A market in Port-au-Prince, Haiti, appears in the above photo, which was taken between 1909 and 1920.

Haiti is the poorest country in the Western hemisphere, which makes the devastation caused by yesterday’s earthquake that much harder on an already struggling nation. As death toll estimates continue to rise and other nations flood in to provide aid, we wondered how this small country came to be so poverty-stricken.

Our answer came from Bryan Page, Professor and Chair of the Department of Anthropology at the University of Miami.

Professor Page:

According to Page, French plantation owners in Haiti became extremely wealthy by literally working their slaves to death while growing everything from indigo to sugar cane. Page says the working conditions were so harsh that it was almost inevitable the slaves would revolt.

Professor Page:

In August of 1791, the Haitian slaves began an violent rebellion that would eventually lead to the nation’s full independence in 1804.

Professor Page:

Page says that post-1804, Haitians were discriminated against by not only the United States, but all the European powers.

Professor Page:

Page says these conditions persisted into the 20th Century, which meant…

Professor Page:

What that isolation essentially meant was that Haiti never had a chance to progress alongside the surrounding civilizations in the region. Complicating the picture even more was a series of despotic rulers that added to the country’s struggles.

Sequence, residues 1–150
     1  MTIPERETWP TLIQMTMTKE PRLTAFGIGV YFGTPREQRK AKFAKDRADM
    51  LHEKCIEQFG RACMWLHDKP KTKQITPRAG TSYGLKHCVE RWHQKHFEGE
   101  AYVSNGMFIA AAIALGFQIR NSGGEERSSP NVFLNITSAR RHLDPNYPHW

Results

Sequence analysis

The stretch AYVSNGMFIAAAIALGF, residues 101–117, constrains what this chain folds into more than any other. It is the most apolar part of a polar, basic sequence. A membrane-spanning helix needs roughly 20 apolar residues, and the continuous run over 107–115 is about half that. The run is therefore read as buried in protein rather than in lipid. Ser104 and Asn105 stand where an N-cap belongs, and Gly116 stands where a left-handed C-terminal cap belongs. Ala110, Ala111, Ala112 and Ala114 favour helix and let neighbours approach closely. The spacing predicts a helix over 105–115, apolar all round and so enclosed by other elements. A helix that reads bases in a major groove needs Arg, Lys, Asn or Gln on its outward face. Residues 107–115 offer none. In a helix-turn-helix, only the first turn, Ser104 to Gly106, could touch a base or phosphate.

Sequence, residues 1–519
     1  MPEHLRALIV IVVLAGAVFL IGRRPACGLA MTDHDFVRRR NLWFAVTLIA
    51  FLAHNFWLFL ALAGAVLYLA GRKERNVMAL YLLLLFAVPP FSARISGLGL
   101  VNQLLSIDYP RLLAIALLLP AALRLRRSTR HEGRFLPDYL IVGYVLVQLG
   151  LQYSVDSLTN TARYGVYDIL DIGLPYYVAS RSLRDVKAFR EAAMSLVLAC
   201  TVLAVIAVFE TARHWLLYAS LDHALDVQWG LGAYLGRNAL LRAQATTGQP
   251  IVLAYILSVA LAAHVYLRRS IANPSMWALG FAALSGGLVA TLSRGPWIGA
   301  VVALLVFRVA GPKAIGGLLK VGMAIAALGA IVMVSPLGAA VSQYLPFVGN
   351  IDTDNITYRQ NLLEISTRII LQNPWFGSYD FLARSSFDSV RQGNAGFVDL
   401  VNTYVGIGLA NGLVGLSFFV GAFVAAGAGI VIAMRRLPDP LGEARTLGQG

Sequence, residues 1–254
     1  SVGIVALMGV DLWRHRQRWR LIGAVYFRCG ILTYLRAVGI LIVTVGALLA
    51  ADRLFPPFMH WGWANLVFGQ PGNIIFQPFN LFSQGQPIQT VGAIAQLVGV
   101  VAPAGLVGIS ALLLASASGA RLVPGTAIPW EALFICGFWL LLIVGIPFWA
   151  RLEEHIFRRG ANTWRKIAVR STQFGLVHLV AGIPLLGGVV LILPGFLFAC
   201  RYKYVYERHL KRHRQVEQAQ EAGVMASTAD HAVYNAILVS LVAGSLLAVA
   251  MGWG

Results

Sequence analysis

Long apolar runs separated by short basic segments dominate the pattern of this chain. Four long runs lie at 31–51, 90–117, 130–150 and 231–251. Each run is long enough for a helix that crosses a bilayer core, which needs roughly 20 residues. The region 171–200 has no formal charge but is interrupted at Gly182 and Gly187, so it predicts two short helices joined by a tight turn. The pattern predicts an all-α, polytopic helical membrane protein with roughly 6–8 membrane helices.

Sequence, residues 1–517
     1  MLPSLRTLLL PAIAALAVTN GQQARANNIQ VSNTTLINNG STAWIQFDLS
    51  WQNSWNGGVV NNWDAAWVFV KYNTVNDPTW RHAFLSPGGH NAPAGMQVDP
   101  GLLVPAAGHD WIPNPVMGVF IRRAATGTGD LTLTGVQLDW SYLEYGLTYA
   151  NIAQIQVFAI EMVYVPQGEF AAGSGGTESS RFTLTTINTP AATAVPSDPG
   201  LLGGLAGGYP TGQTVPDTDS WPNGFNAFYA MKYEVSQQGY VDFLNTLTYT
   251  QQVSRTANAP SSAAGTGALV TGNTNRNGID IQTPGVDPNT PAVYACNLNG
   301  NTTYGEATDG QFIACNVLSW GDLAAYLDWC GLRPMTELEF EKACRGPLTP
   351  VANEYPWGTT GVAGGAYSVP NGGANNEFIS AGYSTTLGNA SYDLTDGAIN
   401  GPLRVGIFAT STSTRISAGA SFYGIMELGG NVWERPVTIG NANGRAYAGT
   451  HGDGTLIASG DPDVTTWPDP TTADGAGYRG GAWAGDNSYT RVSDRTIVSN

Professor Page:

Page says in 1915, the United States — invoking the Monroe Doctrine — occupied Haiti in an attempt to install some order. That experiment lasted until 1936, when the U.S. pulled out. Haiti continued its pattern of despots, dictators and army coups — as did other Latin American countries at the time — but with one big difference…

Professor Page:

Page says that with no help from the elite class in the country to mitigate the situation, we end up with the conditions seen in Haiti today.

Professor Page:

Page says that the Haitian’s high illiteracy rates and lack of marketable skills isn’t for lack of want. He says the roughly 200,000 Haitians living in South Florida are known for being avid utilizers of public education opportunities.

Professor Page:

Photo credit: Library of Congress

UPDATE: anthropologyworks.com has a good post about the demographics of Haiti as well.

  • Haiti Earthquake: How You Can Help The Victims:

  • The American Red Cross is accepting donations by phone. You can text “HAITI” to 90999 to donate $10 to the Red Cross’s efforts, or call 1-800-Redcross or 1-800-257-7575.

  • Interaction, the largest coalition of U.S.-based NGOs focused on the world’s poor, has set up a

  • UNICEF is also accepting donations for the relief efforts in Haiti and the Caribbean region. Visit